kudos,

Mary

 Check my state... are you saying it's state law determining who pays?

thanks

Brad

well, some regulations are national however, real estate licensing rules are majority state by state. I've had agents in PA look for rental property for me in the past and they assured me that the owner gets the bill. In NY they typically look to the renter for payment. that's why I recommend that you look to your state for specifics on who pays the broker regarding leasee/leasor agreements. 

kudos,

Mary    

Brad,

For commercial deals a commission should always be expected. Did he bring the tenant to you or did you find them on your own? I highly recommend always paying brokers because they are a main source of deal flow at your commercial property. Owners who do not pay leasing commission quickly get a reputation in the market and tenant rep brokers will exclude your property from tour lists if they know they are not going to get paid.

Grant

I would think this falls under procuring cause? I am no RE attorney but if he is to get paid he has to have done some work, most likely why he is trying to get paid on the side. Just my .02 though :)

The broker has not added any value to this situation. He didn't bring the tenant, the tenant found me via a Craigslist ad, contacted and met with me twice in addition to multiple phone calls. I am not trying to get anything for free but I expect something for my money. The reality is that he is not providing any value for me and he is going to cost his client more money because I am going to raise the cost of the lease to pay his fee. So, it's a lose lose for the landlord and tenant and only the broker wins.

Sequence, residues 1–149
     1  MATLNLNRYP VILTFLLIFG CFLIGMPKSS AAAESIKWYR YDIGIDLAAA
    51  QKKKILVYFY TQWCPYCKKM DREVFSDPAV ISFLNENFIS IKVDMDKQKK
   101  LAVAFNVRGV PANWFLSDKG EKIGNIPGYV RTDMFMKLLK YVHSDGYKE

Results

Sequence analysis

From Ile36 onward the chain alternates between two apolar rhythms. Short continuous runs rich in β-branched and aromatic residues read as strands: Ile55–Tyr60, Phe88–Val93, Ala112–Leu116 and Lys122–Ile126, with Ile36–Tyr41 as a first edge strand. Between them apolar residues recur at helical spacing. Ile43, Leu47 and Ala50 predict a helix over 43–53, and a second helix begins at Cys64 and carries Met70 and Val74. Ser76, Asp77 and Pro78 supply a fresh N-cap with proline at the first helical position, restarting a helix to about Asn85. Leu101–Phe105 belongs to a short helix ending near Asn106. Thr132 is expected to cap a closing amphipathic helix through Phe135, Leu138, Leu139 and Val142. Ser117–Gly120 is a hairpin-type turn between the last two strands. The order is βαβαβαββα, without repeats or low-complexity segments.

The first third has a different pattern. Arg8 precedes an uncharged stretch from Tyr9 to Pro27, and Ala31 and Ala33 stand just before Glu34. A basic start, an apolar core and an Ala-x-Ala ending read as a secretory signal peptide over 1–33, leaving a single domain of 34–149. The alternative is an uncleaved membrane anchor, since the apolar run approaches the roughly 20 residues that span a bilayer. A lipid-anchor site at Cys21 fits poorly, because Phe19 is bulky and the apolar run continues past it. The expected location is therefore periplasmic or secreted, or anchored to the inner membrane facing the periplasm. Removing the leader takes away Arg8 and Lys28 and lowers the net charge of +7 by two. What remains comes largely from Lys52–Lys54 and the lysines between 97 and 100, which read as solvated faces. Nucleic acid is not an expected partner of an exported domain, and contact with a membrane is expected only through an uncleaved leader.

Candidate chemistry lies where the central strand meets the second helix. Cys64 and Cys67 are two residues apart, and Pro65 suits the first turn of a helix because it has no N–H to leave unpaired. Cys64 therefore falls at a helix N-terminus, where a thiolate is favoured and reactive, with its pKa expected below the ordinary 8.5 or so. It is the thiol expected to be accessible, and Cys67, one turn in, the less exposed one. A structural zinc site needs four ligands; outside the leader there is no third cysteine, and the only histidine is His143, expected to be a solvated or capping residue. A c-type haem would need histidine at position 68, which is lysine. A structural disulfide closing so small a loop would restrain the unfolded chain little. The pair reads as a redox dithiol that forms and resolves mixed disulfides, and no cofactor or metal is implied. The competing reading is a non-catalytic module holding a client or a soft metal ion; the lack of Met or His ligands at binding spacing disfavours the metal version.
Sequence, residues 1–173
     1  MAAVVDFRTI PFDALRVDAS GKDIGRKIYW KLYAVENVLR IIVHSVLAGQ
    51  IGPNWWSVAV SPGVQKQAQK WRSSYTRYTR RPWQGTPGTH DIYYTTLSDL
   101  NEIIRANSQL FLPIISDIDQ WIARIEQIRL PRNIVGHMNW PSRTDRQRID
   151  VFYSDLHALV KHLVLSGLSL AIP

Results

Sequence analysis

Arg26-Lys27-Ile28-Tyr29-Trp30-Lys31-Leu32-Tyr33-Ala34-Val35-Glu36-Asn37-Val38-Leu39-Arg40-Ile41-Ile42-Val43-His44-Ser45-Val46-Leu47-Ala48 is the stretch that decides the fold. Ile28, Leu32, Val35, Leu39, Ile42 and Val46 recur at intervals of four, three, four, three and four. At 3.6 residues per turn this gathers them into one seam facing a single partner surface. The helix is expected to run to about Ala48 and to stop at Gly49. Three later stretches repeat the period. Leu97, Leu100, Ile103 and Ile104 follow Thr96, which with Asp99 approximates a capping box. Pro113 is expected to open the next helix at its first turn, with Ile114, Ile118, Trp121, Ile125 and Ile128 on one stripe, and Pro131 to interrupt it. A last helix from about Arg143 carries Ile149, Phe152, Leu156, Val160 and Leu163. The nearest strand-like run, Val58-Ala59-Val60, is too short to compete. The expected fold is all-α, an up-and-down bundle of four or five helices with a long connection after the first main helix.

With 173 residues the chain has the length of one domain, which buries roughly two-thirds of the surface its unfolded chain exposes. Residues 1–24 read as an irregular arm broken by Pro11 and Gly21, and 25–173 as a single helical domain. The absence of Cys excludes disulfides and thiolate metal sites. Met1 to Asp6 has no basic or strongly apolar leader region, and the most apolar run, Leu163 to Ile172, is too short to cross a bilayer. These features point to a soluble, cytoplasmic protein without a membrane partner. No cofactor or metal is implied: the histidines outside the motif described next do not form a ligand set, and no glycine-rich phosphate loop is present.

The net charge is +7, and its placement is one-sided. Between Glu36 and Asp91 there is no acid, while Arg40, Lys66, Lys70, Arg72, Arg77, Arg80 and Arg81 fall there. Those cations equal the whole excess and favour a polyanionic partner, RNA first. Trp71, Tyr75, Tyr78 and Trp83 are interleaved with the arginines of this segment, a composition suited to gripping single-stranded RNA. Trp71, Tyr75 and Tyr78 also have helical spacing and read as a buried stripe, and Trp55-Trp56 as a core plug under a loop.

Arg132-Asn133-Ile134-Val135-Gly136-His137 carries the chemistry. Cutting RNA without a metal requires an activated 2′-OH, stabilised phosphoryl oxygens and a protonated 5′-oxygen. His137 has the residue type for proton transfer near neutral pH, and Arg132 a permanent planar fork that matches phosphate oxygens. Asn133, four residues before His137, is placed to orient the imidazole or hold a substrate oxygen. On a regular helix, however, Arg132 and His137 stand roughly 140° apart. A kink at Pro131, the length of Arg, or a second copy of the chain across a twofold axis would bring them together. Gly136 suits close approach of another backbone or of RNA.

Thank you all for your responses and opinions. I am learning a lot.

Brad

Brad - I mean this sincerely, but something does not sound right here. It would not be common for a regional sales rep or his supervisor to have any authority within a large corporation to make any real estate decisions regarding site selection, business / deal term negotiations or lease negotiations.  When you say the 'negotiations for the lease have pretty much already been agreed to..." can you provide more details on what exactly this means? Does this mean you negotiated a lease in written form or verbally agreed to the business terms?  Also many larger corporations have tenant rep brokers and a sale rep or his supervisor out in the field may not even be aware of this. As someone previously stated you can hold your ground and may lose the deal. Keep in mind many corporations are protective of their brokers. The most practical solution is to negotiate the fee and get a good tenant.